1. Jesus patiently shapes those who believe in Him.


Do you ever feel like you are a lost cause? Like God wasted his time on you and you should just give in. God doesn’t see it that way. Jesus doesn’t treat his people that way. 


This is all throughout our text today. There are two examples here. The Canaanite woman is one, but we won’t be able to spend much time on her. We will spend most of our time on the disciples since they are all over the text. 


And when I say that they are all over the text, I mean that over and over, they swing and they miss. 


Back at the feeding of the 5,000, they try to send the people away. Then Peter seems bold as he walks on the water, then he gets scared and he sinks. Jesus calls him, “O you of little faith.”


Then when Jesus goes head to head with the Pharisees in 15:1-20, these disciples have no idea what is going on. Jesus makes a comment that was supposed to be super clear– that what comes out of the mouth defiles a person, not what they put in. And the disciples have no idea what’s happening. Look in 15:15, “But Peter said to him, Explain the parable to us.” 16 And he said, “Are you also still without understanding?” Then he explains that sin is what defiles you. 


These are the men who have been with Jesus through all of his sermons and ministry and parables and secret explanations of those parables, and they have no idea what is going on. 


Then in 15:23, they try to send away the Canaanite woman because she was irritating. 


Then in 15:33, they have an opportunity. They know that Jesus can multiply food by his power, and they have 4,000 people in front of them. Jesus tells them that he wants to feed the crowd, and what do the disciples say? Look in 15:33, “Where are we to get enough bread in such a desolate place to feed so great a crowd?” Instead of having compassion for them and trusting the power of Jesus, they just default to their own power. They aren’t thinking in light of what Jesus can do. They are thinking in light of what they can do. 


Then at the beginning of chapter 16, the Pharisees and Sadducees try to test Jesus by asking for a sign, and he stiff-arms them because they aren’t asking in faith. After this, Jesus warns the disciples in 16:7, “Watch and beware of the leaven of the Pharisees and Sadducees.”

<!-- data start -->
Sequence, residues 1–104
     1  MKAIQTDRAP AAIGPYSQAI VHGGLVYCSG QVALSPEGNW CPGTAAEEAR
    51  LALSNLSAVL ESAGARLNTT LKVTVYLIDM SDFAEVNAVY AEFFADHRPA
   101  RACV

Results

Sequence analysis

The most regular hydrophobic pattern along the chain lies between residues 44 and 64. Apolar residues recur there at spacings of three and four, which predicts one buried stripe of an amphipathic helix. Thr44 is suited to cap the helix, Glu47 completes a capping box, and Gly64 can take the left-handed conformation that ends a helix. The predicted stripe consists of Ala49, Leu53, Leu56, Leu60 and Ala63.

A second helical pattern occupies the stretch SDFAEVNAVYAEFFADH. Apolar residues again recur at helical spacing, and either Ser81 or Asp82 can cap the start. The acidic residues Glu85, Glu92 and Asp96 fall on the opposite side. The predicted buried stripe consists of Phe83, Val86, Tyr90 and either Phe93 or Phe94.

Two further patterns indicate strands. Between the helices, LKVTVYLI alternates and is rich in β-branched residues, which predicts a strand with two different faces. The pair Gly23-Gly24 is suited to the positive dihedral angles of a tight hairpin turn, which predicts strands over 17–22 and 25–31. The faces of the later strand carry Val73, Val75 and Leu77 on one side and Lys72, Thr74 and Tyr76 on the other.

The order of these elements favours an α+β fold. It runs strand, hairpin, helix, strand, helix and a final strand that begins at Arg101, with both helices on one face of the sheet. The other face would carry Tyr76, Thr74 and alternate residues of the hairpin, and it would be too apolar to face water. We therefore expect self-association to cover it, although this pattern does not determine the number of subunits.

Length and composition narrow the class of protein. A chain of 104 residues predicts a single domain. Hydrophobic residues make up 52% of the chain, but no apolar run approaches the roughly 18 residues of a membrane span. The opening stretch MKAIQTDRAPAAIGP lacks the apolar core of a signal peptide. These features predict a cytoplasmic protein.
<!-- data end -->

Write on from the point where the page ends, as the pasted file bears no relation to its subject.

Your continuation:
When Jesus said this, he was making a reference to a parable from chapter 13. “The kingdom of heaven is like leaven that a woman took and hid in three measures of flour, till it was all leavened.”


So there is kingdom leaven and there is Pharisee leaven. And different types of leaven can’t coexist. 


Did you know that if you put normal baking yeast in a jar of sourdough starter, the yeast will eat the sourdough? They can’t coexist. One is dangerous to the other. Beware of the leaven of the Pharisees, their unbelief will do harm to your soul. You can’t serve God and the world, so be on guard against false teaching. That’s what Jesus was communicating.


But these guys were all hungry because they forgot to bring bread, so they think that Jesus is talking about actual bread, and they are super confused. “Jesus is mad because we forgot to bring bread.” Then look in verse 8. But Jesus aware of this, said, “O you of little faith, why are you discussing among yourselves the fact that you have no bread? 9 Do you not yet perceive? Do you not remember the five loaves for the five thousand, and how many baskets you gathered? 10 Or the seven loaves for the four thousand, and how many baskets you gathered? 11 How is it that you fail to understand that I did not speak about bread? Beware of the leaven of the Pharisees and Sadducees.” 12 Then they understood that he did not tell them to beware of the leaven of bread but of the teaching of the Pharisees and Sadducees.”


These guys are struggling. They aren’t picking up on the fact that Jesus is full of compassion and power. They keep trying to send people away because they are inconvenient or they keep misunderstanding what Jesus says because they forget what he has already said


It’s all over the place. The disciples keep falling on their faces.